2 Treatments

This list is roughly in order of the viability and priority of the treatments.

  • Cadence. If you're cadence is too low it can cause various problems, and should be optimized to around 180 steps per minute (90 steps/min for each leg). See Cadence for more details.
  • Reduce Knee Stress. Stress on the knee should be reduced to prevent further damage[12]. Personally, I do not believe in complete rest, but prefer reduced exercise, trying to avoid or minimize pain as I believe the exercise promotes healing.
  • Ice. The use of ice will not remove the underlying cause of knee pain, but it can help with recovery and healing. See Cryotherapy for more details.
  • Massage the VMO. While the evidence for weak quads and VMO is marginal, massaging the VMO is easy and reasonably risk free. While the Foam Roller is good for massaging most of the quads, it tends not to get to the VMO, and if the Foam Roller is your only quad massage technique then it's possible that your VMO is suffering from neglect. I would recommend using The Stick as well as using your elbow on the VMO. I've also found that using an electronic muscle stimulator on the VMO can help. See main article on Massage for more details.
  • Massage the glutes. Weak glute muscles have been linked to knee pain[20][23], so massaging them may help them recover their strength and functionality.
  • Electrical Muscle Stimulation. Strengthening the quad muscles using normal resistance training tends to put extra stress on the kneecap aggravating the injury. Resistance training the quad muscles tends to equally train all parts, rather than focusing on the VMO. The only known way to selectively strengthen the VMO is by the use of Electrical Muscle Stimulation[12]. See Electrical Muscle Stimulation for more details.
  • Footwear. There are two types of footwear changes that may help with knee pain that are contradictory; minimalist footwear and orthotics. Personally, I am concerned that Orthotics may help with knee pain but cause other problems, and the use of orthotics goes against the evidence for minimalist footwear. However, there is more scientific evidence to support orthotics for resolving knee pain, even though orthotics may increase knee stress. My personal belief is that it is better to cautiously move towards Minimalist Running Footwear rather than use orthotics, but I want to be clear that there is not clear scientific support for my belief.
    • Minimalist shoes. There is good evidence that running shoes increase the stress on the knee[24], and that a more minimalist approach to footwear may be appropriate. There is plenty of anecdotal evidence[25] that minimalist footwear helps with knee pain, but only limited science[26] to back it up. Also, changing too quickly to minimalist footwear may result in Too Much Too Soon injuries. See 'The Science of Running Shoes' for more details.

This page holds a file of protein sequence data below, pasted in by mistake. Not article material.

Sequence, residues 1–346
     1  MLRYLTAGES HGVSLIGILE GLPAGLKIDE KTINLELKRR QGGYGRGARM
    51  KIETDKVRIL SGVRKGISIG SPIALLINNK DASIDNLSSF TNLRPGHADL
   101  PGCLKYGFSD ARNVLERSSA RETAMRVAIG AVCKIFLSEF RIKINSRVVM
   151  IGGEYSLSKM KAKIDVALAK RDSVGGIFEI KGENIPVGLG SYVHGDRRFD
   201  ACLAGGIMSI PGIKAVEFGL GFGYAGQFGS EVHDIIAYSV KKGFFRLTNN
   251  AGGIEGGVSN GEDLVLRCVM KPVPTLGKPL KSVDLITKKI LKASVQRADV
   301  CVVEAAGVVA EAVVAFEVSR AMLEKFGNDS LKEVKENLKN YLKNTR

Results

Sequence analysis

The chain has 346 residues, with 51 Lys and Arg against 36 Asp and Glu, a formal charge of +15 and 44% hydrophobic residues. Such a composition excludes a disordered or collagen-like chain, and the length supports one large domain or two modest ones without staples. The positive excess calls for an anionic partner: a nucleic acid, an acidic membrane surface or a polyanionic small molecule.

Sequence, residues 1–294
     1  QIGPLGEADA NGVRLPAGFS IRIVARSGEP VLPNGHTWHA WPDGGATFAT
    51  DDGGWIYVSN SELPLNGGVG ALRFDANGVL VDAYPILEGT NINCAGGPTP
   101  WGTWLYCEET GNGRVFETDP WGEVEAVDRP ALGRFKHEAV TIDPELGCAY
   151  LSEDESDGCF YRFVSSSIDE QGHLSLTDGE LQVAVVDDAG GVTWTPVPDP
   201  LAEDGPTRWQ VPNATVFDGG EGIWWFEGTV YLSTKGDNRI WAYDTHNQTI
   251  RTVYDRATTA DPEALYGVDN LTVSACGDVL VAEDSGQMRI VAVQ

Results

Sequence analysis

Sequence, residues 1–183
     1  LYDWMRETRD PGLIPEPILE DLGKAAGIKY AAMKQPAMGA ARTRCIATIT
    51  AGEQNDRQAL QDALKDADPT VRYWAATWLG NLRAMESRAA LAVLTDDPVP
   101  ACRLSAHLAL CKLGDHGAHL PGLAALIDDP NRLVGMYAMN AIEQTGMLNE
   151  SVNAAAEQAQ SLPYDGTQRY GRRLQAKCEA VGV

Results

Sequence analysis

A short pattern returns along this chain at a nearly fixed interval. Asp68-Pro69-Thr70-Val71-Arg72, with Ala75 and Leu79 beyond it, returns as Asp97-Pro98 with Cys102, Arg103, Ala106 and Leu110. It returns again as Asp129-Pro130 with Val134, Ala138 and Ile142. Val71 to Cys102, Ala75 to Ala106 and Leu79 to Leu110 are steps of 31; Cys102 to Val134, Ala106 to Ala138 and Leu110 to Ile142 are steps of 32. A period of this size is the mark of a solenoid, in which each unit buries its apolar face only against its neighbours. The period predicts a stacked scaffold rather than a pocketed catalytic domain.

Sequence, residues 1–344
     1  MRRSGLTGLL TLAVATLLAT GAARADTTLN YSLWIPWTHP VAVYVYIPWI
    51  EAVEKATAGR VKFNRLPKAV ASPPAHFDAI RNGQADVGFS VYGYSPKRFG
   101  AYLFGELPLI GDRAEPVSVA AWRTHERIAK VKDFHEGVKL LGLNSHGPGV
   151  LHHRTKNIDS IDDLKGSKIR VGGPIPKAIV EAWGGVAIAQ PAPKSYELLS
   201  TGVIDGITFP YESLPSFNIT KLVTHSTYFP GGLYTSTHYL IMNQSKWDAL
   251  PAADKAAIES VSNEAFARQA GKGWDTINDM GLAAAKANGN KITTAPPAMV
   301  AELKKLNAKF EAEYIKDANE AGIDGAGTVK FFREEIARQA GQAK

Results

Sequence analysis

• Orthotics. Studies have shown that orthotics reduce knee pain, with a greater benefit shown in those that have greater pronation[27][28][29]. However, there are concerns that orthotics may also increase the stress on the knee[30].
  • Running form. Good running form has many benefits, but changing form tends to be difficult and can easily result in new injuries if done too quickly. I would recommend looking at Chi Running or the Pose Method, though personally I don't agree with their approach of pure forefoot running (your heal not touching the ground) and prefer a midfoot strike.
  • Check for ITBS. ITBS produces pain to the outside of the knee, rather than under the kneecap. It's possible to have both kneecap pain and ITBS, so read Iliotibial band syndrome.
  • Taping. The use of tape has been shown to be effective at reducing knee pain[31][32][33], by over 90% in one study[34]. One study used tape to pull the knee cap towards the midline of the body[35], others relied on evaluation to define the correct direction[32]. The most common method mentioned is 'McConnell taping'[33][32], and instructions can be found by Googling 'McConnell taping'.
  • VMO Re-timing. If the firing of your VMO is delayed, it may be possible to correct this. Ideally, the correction uses a combination of training and down in EMG biofeedback device. These devices can be quite expensive, but it may be possible to detect the difference in timing between the VMO and the VL using your fingertips[12]. The goal should be retraining control rather than strengthening, with 200 repetitions per day (20x 10 reps) being required[12]. (I did find instructions for a DIY EMG.)In addition, it may be possible to mitigate the VMO timing problem with taping[31][33] (see below).
  • Joint Supplements. The joint supplements glucosamine and chondroitin provide marginal benefit, but are considered safe, so they may be worth considering if you can justify the expense. Other supplements such as Omega 3 oils and Vitamin C/E may be worth considering. For more details, see Joint Supplements.
  • Knee brace/sleeve/strap. A knee sleeve is a simple elastic wrap that goes around the knee, sometimes with a hole to avoid pressure on the kneecap. A knee brace usually provides hard plastic support in addition to the sleeve. The evidence supporting knee braces is limited[36][37], with many of the studies having poor quality[37]. One reasonable study showed improvement with a brace[38], but better quality studies showed no benefit[39][40][41]. There are even fewer studies for knee sleeves[42]. The only study on knee straps showed no benefit[39]. I found no indications of the long term effects or safety of knee braces, sleeves or straps. Based on the available evidence, the use of these approaches does not seem justified. I found no studies that looked at Compression Tights but they may act in a similar way to a knee sleeve and they have other benefits.

3 Anti-treatments

The following 'treatments' are not recommended.

  • Quad resistance training. A common recommendation is to strengthen the quad muscles to improve the tracking of the kneecap, especially the VMO. However, resistance training of the quads puts extra strain on the kneecap and can cause a worsening of the symptoms[3]. Any strengthening of the quads should focus on the VMO.
  • Surgery to correct mistracking. A study of knee pain indicated that this type of surgery has the second highest failure rate[3].
  • NSAIDs. Using NSAIDs does not generally improve healing, can mask symptoms and is a cause of cartilage damage[22]. An animal study showed that Asprin resulted in greater cartilage degeneration[43]. More at NSAIDs and Running.

4 Surgery